School teams gear up for counseling when tragedy strikes

COLUMBUS, Ohio (AP) — Teams that counsel students when tragedy strikes classmates and teachers have been busy in Columbus schools recently.

The district deployed the teams 17 times last school year and several times again this year, The Columbus Dispatch reported Sunday ( Reasons for deploying the team include shootings, suicides, car crashes and cancer deaths, and can involve things that happened to both students and staff members.

The district sent in a team in October when a drive-by shooting wounded two boys, ages 12 and 15, outside Linden-McKinley STEM Academy.

Cheryl Ward, the district’s director of student and family engagement, calls on about 120 school counselors and 27 social workers to put together a response team, which can consist of up to 20 people.

Once Ward hears of a situation, she gets the facts, reaches out to the family of the victim, and talks to employees about ways to support them.

After a death, counselors and students huddle in groups and talk about the person, Ward said. Usually grief and disbelief turns to remembrance as students write cards for the victim’s family and make collages dedicated to the person.

Suburban schools also have teams but use them less frequently.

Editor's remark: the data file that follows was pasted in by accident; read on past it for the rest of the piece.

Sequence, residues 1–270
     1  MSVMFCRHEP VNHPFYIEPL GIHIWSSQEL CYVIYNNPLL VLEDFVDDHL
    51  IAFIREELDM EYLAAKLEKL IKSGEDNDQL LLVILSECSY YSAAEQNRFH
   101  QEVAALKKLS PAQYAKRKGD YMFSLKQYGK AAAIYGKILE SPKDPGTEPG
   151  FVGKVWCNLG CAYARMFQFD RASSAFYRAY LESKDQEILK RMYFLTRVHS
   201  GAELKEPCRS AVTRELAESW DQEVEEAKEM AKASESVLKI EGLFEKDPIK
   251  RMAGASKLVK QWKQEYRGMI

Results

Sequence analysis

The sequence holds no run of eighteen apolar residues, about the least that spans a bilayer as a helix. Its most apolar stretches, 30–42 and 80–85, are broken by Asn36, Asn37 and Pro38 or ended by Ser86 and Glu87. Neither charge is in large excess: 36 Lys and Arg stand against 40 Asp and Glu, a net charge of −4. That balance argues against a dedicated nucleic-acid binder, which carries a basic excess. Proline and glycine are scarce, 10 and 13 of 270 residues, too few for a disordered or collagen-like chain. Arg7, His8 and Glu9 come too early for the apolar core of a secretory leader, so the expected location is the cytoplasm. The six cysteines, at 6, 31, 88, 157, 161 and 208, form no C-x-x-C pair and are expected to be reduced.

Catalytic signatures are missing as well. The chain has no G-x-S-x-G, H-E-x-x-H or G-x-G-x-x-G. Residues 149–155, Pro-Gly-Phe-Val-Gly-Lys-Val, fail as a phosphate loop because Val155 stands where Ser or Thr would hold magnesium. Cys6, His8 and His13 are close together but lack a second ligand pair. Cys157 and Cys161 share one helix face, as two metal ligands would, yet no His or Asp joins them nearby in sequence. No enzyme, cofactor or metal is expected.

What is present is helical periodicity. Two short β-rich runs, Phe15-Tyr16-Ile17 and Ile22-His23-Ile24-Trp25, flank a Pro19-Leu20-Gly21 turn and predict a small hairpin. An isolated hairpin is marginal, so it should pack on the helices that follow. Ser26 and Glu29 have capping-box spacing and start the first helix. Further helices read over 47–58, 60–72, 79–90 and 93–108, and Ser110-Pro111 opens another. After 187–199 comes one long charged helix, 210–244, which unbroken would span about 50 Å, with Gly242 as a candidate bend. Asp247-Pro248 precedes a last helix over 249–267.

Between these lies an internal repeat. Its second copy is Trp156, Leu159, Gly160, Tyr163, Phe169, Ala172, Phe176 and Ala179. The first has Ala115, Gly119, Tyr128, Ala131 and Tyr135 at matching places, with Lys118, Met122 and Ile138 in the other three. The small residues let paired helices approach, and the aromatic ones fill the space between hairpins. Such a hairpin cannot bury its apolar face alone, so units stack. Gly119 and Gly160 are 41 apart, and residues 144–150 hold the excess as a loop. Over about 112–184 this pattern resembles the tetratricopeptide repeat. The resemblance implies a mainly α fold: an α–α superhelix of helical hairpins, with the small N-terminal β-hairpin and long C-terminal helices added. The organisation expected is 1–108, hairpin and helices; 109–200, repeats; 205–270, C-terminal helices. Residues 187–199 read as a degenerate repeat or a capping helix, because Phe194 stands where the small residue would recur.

Central Ohio’s Olentangy schools call teams in once or twice a year, about the same for the six-member crisis-response team used by Westerville schools.

Addressing student suicide is particularly difficult, said professor Darcy Granello, a suicide researcher at Ohio State University. There are legitimate concerns about copycat incidents among psychologically fragile people, especially in close-knit environments such as schools, Granello said.

Janet Routzong, principal of Whetstone High School in Columbus, had never called for a response team in four years as principal. But when she got the early-morning call this fall about a student suicide, she called her director immediately.

“For us, the support was there from the first minute,” Routzong said.


Information from: The Columbus Dispatch,